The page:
Fourth District Beige Book
The Beige Book—officially known as the Summary of Commentary on Current Economic Conditions by Federal Reserve District—is produced eight times each year prior to Federal Open Market Committee (FOMC) meetings. The information in the Beige Book is gathered primarily through interviews with business people in each District, as well as from Federal Reserve Bank and Branch directors. The publication’s original purpose was to supplement official statistics with more current anecdotal accounts of the economic environment in order to assist policymakers during FOMC deliberations.
Summary of Economic Activity
Fourth District economic activity increased at moderate pace since the last Beige Book report. The share of business contacts reporting an increase in customer demand was unchanged over the period; however, far fewer firms noted a decrease in demand. The general improvement was evident across broad industry breakouts, but there was considerable variation within them. For example, spending on interest rate-sensitive goods (such as homes and light vehicles) was particularly robust, while spending in high-contact services segments (such as accommodation and food services) remained weak. The modest increase in customer demand was accompanied by an uptick in staffing levels. However, contacts suggested that hiring was difficult because of limited labor availability, which also exerted more upward pressure on wages. Supply chain constraints and higher costs of freight and some materials pushed up input prices, and a greater share of contacts were able to increase selling prices. While most firms expect demand to increase further in coming months, capital spending remained soft as firms continue to hold on to cash amid persistent uncertainty surrounding the pandemic.
Employment and Wages
Staffing levels increased slightly since the last report, although employment remained well below pre-pandemic levels. More firms across a wide array of industries reportedly wanted to hire (or rehire) additional workers to meet improving demand. However, many indicated that they had a hard time adding workers. Contacts said that three primary factors contributed to their inability to hire: health concerns, difficulty arranging dependent care, and generous unemployment insurance benefits. Contacts were specifically asked if labor availability increased after the generous supplemental unemployment insurance payments lapsed, and most said that it had not. There were a few exceptions noted by manufacturers, transportation firms, and restaurants. Nevertheless, the increase in labor availability was insufficient to meet these employers' needs. Staffing services firms continued to report unusually large numbers of unfilled orders because of these shortages. Moreover, they and other business contacts suggested that some wage rates were rising as a consequence, particularly in lower-wage positions.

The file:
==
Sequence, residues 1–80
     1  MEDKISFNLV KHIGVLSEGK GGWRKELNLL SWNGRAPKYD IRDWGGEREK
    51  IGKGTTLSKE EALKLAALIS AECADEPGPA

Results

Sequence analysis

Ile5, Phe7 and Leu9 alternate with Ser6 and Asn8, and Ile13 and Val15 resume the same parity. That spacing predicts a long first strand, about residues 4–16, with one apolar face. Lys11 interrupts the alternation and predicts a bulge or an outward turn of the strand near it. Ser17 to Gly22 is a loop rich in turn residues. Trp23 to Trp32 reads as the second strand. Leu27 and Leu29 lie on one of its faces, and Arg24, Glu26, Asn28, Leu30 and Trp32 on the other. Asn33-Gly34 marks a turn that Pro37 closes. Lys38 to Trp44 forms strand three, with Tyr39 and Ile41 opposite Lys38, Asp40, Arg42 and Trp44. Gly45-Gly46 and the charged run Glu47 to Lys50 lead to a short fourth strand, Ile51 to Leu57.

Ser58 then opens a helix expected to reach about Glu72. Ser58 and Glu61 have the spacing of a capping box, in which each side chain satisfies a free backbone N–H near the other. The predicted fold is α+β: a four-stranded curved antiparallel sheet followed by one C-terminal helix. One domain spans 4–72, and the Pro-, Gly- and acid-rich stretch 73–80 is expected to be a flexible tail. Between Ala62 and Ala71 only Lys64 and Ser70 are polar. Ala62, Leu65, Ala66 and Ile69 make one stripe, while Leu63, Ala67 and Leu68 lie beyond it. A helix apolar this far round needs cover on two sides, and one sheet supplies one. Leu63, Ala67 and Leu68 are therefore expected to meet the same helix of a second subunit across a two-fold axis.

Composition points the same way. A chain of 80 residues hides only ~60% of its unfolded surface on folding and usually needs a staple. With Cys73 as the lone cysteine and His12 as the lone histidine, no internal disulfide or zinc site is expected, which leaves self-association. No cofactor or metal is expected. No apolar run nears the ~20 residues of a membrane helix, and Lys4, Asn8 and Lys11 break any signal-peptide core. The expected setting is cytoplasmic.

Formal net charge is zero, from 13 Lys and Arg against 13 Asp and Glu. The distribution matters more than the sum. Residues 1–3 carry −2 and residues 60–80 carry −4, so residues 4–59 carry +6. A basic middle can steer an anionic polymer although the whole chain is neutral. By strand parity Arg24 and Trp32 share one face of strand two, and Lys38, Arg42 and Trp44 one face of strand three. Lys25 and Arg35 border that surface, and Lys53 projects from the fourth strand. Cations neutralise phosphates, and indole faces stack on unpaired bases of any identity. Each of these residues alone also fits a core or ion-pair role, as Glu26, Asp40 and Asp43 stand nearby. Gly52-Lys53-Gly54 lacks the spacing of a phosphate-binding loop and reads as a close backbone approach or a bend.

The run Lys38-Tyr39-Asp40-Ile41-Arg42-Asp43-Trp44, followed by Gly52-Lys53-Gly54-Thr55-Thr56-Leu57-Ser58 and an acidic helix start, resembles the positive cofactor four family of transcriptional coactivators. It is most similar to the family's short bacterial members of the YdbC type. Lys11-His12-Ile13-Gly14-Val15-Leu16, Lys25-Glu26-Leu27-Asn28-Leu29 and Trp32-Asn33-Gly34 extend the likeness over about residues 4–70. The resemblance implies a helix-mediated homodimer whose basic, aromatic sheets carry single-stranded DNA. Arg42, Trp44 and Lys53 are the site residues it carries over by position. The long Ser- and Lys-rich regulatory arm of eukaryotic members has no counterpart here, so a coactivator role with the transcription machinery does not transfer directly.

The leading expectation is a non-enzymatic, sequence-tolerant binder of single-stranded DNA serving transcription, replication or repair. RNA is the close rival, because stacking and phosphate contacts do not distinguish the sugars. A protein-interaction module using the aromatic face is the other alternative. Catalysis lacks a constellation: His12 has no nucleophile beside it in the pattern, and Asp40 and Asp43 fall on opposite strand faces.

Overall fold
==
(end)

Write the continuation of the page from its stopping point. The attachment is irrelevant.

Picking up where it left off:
On balance, selling prices rose moderately during the latest Beige Book period. However, pricing power varied by sector. In consumer-facing segments, auto dealers, furniture retailers, and apparel stores were among those reporting that customers were paying higher prices. Freight haulers said that strong demand, especially for last-mile delivery, was pushing up both spot and contract rates. By contrast, firms in professional and business services indicated that prices to customers were flat to down, with one noting that customers were "fragile" and had little appetite for higher prices.
Nonlabor input costs also rose for many firms. Construction and manufacturing firms reported rising freight rates and materials prices, along with supply chain interruptions, that contributed to higher input costs. Many of those firms were able to push such cost increases though to their customers. Contacts in a variety of sectors suggested that adapting their operations to account for COVID-19 also added to their costs.
Reports from retailers suggest that consumer spending increased modestly during the last two months. Auto dealers said that sales remained strong in August and September, and many suggested that sales would have been even stronger if not for unusually low inventories. General merchandisers and apparel retailers said that sales flattened out in recent months even though customers seemed more willing to shop in brick-and-mortar stores. Hoteliers noted some improvement in occupancy rates relative to those of a few months ago, although they remained low. Looking ahead, contacts noted cautious optimism that consumer spending will continue to recover but expressed some concern about this given uncertainty regarding the path of the virus and the future of fiscal stimulus.